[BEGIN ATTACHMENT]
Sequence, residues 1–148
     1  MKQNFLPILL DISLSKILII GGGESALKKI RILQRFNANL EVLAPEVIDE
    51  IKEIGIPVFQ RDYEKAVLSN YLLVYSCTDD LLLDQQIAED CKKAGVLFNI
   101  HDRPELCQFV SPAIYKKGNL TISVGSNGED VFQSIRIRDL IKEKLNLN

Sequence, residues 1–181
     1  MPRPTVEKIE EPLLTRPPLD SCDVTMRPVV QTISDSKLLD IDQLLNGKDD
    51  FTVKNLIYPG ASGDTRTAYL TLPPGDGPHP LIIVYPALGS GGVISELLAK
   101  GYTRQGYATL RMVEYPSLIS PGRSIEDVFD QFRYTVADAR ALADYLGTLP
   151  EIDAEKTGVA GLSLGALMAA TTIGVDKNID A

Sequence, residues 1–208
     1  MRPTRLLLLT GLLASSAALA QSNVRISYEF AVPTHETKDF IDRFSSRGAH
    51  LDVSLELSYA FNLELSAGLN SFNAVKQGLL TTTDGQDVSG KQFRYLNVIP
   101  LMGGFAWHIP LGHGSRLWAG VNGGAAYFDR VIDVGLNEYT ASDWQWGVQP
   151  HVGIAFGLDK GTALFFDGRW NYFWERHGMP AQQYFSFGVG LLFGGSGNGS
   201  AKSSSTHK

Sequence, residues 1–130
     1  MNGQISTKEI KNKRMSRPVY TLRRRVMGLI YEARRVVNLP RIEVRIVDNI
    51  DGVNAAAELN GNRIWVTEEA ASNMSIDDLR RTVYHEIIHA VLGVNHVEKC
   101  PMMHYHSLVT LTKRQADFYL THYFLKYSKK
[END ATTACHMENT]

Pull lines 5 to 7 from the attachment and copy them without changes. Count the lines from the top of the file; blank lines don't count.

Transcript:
Sequence, residues 1–181
     1  MPRPTVEKIE EPLLTRPPLD SCDVTMRPVV QTISDSKLLD IDQLLNGKDD
    51  FTVKNLIYPG ASGDTRTAYL TLPPGDGPHP LIIVYPALGS GGVISELLAK